tk****@hotmail.com wrote:

I use Python to generate a huge amount of data in a .csv file which I

then process using Excel. In particular, I use Excel's solver to solve

a number of non-linear equation, and then regress the results of

hundreds of calls to Solver against a set of known values, enabling me

to calibrate my model. This is a pain: i'd much rather perform all the

computations in Python and improve on Excels' regression as well.

Questions:

1. Is there a way to perform (or make a call to) a non-linear

optimization from Python?

Look at scipy. http://www.scipy.org

In [1]: from scipy import optimize

In [2]: optimize?

....

Optimization Tools

==================

A collection of general-purpose optimization routines.

fmin -- Nelder-Mead Simplex algorithm

(uses only function calls)

fmin_powell -- Powell's (modified) level set method (uses only

function calls)

fmin_cg -- Non-linear (Polak-Rubiere) conjugate gradient

algorithm

(can use function and gradient).

fmin_bfgs -- Quasi-Newton method (can use function and gradient)

fmin_ncg -- Line-search Newton Conjugate Gradient (can use

function, gradient and hessian).

leastsq -- Minimize the sum of squares of M equations in

N unknowns given a starting estimate.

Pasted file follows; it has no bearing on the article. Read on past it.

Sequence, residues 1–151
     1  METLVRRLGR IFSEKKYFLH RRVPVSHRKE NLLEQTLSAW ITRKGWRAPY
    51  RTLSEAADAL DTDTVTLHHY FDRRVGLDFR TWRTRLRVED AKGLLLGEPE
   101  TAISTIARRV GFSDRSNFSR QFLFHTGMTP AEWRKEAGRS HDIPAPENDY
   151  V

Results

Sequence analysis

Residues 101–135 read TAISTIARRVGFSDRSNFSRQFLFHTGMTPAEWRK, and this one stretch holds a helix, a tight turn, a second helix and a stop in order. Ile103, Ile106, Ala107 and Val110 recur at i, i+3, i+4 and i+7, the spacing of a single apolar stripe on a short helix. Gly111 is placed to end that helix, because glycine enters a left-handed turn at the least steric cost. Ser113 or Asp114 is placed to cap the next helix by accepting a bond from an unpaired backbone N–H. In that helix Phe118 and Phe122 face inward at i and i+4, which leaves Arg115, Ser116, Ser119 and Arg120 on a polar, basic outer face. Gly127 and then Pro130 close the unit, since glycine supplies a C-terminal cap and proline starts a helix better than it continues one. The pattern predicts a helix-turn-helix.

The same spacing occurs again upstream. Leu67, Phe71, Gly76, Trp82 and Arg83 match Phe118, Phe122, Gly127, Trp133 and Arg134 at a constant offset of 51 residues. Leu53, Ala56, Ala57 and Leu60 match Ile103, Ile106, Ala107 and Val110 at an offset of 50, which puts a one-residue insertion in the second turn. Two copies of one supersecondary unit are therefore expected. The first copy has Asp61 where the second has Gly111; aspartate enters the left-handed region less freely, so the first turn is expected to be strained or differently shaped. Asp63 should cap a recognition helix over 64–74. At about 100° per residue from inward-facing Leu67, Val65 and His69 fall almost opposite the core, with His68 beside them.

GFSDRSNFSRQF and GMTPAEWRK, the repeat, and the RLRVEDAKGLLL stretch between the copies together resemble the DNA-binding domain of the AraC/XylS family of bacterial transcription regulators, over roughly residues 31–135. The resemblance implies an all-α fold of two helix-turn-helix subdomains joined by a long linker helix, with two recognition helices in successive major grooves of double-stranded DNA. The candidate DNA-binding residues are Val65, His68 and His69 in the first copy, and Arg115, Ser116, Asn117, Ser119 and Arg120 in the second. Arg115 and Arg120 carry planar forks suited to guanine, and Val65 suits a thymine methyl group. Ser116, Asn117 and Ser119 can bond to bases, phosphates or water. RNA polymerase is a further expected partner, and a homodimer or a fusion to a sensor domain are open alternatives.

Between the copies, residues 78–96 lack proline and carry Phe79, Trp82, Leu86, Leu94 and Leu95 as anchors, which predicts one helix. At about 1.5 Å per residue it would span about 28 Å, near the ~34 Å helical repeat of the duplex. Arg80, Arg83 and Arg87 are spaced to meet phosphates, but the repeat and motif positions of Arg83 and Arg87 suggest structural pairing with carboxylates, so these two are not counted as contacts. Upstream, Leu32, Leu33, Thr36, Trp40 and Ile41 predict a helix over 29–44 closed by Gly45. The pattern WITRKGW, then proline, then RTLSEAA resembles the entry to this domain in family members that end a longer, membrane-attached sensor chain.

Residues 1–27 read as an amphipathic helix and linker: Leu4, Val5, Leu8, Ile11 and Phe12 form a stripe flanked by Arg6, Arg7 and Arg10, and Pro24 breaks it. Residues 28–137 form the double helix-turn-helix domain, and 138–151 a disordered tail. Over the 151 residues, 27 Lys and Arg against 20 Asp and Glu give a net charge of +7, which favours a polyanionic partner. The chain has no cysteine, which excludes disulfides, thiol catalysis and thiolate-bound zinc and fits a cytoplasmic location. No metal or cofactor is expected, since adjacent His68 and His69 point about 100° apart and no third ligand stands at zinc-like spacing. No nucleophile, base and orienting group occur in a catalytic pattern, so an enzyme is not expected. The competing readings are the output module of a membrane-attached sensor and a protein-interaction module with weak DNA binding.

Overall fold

Constrained Optimizers (multivariate)

fmin_l_bfgs_b -- Zhu, Byrd, and Nocedal's L-BFGS-B constrained

optimizer

(if you use this please quote their papers --

see help)

fmin_tnc -- Truncated Newton Code originally written by

Stephen Nash and

adapted to C by Jean-Sebastien Roy.

fmin_cobyla -- Contrained Optimization BY Linear Approximation

2. Do Python packages for robust statistics (robust regression in

particular) exist. If so, which one would you recommend/

Offhand, I can't think of any, but it's easy enough to do maximum

likelihood with Laplacians and the functions above. If you find suitable

FORTRAN or C code that implements a particular "robust" algorithm, it

can probably wrapped for scipy relatively easily.

--

Robert Kern

rk***@ucsd.edu
"In the fields of hell where the grass grows high

Are the graves of dreams allowed to die."

-- Richard Harter